Oct 23

Reverse Engineering Technique in Brazilian Jiu-jitsu

We’re going to follow up on the principle of piecing it all together by looking at the technique equation from a different angle. So let’s start by restating that equation:

Technique = Concept + Movement

It’s a simple equation, and that’s why it’s useful as an intuitive framework for understanding how technique is learned and mastered. If you read the other post though, you’ll notice that I switched the equation around here.

The purpose was to highlight where the focus should be. So let’s begin.


What do you focus on when you feel that you can’t perform a technique the right way? Oh, that never happens? Psh, it happens to me all the time.

Look: Learning jiu-jitsu is filled with challenges that we all must overcome to improve. The first step is focusing your attention in the right place. So here’s a simple scenario for you to visualize and imagine.

One day, you step into the gym. It’s just like any other day. You bow in. You warm up. And then your instructor pulls out a technique that you’ve never seen before. It blows your mind. And you can’t wait to hit it in a roll, but when you try it, you run into a lot of trouble.

What makes it even worst is that your partner is performing it like it’s nothing. Man, he even started training later than you. How can this be!?

In that situation, there’s a reason that you’re having trouble. You may not know exactly what it is, but there’s a method that can be used to help with that. Let’s call it troubleshooting, just to play on computer repair concepts and terminology (because I used to live in that world).

When you troubleshoot, you isolate a problem by eliminating possibilities that can’t be the cause of the issue. By doing that, you start reveal the truth and eliminate wasted effort.

Use that process of elimination in combination with the framework of the technique equation. When you do that, you start from a really good position. With one move, you know that the problem lies in either your understanding of the concept or your current ability to do the movement.

For clarity sake, I’m going to clearly define these categories.

  • Concept: The concept is all about the question of why. Why does it work? Why do you have to do it that way? So when you have a conceptual issue with a technique it’s because you aren’t doing something like gripping in a certain place, moving in the right direction, etc. Basically, you aren’t doing the technique as you were taught.
  • Movement: The movement focuses on how. How do you make it work? So when you have an issue with movement it lies in the actual mechanics. For example, you’re trying to learn how to do an inverted guard triangle, but you just can’t do the granby roll. In your mind, you can see all the steps exactly right, but when you try something always goes wrong.

Now it’s quite possible that you may have more than one issue, and they may be in both categories. But the first thing you should focus on is isolating and addressing all issues in the concept.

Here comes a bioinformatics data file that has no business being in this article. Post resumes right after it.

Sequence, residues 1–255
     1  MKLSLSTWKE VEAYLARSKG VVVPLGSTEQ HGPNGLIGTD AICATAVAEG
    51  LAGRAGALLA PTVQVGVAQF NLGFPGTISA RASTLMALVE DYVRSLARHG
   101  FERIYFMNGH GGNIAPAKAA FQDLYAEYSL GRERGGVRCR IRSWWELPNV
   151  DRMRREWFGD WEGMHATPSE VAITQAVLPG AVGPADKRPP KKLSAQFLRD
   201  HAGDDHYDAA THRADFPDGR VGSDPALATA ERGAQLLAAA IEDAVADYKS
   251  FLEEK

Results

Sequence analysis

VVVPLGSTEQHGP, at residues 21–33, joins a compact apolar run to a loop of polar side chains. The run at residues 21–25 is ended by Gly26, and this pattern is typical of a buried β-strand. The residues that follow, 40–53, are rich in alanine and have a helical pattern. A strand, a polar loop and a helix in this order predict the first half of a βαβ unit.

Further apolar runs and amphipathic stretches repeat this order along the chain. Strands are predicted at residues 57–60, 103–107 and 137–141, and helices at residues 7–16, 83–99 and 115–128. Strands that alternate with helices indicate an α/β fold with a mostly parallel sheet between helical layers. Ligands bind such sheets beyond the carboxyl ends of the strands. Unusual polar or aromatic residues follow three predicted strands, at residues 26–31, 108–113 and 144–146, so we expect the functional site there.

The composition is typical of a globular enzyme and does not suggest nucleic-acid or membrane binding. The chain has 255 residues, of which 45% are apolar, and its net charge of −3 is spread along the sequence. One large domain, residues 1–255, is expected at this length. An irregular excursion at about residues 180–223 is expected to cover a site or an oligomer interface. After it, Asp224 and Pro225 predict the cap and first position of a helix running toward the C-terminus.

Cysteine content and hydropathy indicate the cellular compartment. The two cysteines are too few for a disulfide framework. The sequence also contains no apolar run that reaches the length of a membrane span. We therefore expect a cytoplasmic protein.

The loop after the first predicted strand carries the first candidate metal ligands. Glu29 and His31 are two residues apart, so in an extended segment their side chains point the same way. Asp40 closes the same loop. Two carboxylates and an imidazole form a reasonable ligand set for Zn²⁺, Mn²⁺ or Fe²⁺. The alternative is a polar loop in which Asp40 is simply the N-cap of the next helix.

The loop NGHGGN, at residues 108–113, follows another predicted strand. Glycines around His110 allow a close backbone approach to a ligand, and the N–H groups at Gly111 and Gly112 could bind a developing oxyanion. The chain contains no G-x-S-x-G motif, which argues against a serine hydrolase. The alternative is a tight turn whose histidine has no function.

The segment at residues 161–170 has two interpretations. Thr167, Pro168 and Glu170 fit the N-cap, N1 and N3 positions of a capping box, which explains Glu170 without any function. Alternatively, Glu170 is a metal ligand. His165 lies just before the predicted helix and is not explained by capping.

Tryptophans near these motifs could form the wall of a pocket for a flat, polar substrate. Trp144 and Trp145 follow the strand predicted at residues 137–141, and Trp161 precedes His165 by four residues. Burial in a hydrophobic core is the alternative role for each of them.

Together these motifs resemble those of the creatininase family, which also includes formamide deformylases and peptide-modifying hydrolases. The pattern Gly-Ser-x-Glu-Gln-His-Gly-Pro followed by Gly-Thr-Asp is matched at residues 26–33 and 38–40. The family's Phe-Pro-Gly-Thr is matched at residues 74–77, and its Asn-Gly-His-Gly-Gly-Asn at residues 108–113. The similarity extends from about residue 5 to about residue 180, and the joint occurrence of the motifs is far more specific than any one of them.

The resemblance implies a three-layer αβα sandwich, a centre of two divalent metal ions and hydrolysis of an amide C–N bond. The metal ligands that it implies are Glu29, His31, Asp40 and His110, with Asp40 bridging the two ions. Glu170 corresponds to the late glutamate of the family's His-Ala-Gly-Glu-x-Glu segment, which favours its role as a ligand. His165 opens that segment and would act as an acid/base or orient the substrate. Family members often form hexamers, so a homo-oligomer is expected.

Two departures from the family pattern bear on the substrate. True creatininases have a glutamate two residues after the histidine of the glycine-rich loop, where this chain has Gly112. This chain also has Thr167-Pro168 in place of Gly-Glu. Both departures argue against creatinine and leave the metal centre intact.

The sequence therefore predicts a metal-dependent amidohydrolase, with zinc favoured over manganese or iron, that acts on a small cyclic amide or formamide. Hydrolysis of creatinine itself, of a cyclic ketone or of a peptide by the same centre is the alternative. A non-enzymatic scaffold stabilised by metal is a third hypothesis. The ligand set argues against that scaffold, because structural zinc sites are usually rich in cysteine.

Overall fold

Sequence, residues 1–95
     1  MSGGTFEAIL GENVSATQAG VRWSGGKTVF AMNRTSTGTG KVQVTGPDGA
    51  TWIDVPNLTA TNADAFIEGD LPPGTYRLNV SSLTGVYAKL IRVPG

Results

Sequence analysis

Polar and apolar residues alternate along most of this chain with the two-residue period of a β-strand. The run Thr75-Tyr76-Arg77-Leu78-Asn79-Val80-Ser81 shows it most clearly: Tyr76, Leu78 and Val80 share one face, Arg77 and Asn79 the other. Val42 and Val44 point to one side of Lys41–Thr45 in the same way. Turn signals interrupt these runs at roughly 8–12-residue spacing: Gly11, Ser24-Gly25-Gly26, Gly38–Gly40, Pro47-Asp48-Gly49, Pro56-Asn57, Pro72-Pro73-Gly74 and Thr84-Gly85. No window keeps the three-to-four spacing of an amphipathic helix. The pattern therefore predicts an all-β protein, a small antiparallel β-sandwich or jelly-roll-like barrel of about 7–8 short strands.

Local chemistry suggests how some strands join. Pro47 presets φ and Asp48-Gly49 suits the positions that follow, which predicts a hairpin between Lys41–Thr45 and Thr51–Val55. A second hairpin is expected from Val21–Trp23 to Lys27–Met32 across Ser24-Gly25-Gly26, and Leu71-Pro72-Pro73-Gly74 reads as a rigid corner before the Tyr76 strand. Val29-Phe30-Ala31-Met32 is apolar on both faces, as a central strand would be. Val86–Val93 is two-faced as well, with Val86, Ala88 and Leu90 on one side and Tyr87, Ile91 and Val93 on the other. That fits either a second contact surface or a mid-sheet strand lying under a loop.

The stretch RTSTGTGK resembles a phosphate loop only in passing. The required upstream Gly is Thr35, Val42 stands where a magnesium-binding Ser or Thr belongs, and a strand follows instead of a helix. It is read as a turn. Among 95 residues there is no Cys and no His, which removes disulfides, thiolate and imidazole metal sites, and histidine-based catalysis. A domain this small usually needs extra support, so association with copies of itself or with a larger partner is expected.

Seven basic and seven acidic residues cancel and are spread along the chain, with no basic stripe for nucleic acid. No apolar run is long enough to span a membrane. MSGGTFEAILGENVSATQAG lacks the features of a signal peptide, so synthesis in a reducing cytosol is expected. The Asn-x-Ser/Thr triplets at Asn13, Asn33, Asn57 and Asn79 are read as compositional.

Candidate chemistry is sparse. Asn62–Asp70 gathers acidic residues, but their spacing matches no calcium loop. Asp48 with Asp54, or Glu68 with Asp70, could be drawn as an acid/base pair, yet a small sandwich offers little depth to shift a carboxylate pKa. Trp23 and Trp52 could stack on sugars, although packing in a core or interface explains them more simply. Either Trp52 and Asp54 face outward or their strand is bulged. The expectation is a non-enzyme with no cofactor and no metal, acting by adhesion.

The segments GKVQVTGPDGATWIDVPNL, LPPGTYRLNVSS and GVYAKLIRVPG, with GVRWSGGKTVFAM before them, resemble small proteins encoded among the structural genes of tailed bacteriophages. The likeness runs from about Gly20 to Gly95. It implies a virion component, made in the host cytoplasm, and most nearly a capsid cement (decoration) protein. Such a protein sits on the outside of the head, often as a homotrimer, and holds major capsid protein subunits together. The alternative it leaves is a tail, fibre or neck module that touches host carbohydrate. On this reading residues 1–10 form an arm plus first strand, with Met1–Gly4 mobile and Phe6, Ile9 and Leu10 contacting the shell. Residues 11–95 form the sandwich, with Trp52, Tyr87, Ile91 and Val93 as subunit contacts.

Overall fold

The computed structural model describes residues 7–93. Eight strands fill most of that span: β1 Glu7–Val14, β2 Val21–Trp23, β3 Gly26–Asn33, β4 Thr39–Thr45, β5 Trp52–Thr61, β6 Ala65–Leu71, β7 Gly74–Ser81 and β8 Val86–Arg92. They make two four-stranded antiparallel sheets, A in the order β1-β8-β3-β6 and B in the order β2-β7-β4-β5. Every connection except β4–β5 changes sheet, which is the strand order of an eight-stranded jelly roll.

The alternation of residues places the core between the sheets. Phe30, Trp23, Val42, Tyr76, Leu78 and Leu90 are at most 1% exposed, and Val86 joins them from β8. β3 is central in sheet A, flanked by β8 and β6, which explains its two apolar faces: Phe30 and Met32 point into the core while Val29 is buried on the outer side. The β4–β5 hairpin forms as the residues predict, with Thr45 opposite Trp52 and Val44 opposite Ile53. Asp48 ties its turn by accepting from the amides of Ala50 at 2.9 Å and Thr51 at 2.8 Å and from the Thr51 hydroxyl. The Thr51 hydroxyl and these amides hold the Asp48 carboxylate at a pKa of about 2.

Consider that to be the path of least resistance because conceptual issues are easier to address. It’s possible to address those issues immediately in some cases, so it’s always a good course to take.

Once you’ve done that, it’s time to shift to movement issues if they exist. The thing with movement is that more often than not, issues there can’t be addressed immediately. It takes time and focused effort but it all starts with identifying the problem.

I’ll give you a quick example of this.

When I was a white belt, there were some inverted attacks that I wanted to learn. Every time I tried to granby (rolling around like a ball) though it was not pretty. I would try, try,try, and try yet again, but it never worked out right. The sticky point of the movement for me was that last portion of it.

At the time, I had access to a great instructional on the position and drills for developing it, so I focused on those drills. I spent time working on them outside of class, and I even created a drill of my own to focus on that sticky point.

The result was that within a period of a few weeks, I learned how to granby roll. With that, all those techniques became accessible. Then I was able to amaze people.

 The Creative Process

How do you create technique?

It all starts with understanding the idea that inspiration is built upon the foundation of previous experience. So the creative process is less about creation and more about association and combination.

Anyway, let’s go back to the technique equation.

Concepts and movements are two categories for the components of a technique. So the more time you spend identifying the unique concepts and movements of any particular technique, the easier it will be to take those components and apply them elsewhere and in new ways.

Personally, teaching has helped me a lot with this because when you have to explain things it really focuses your mind on details.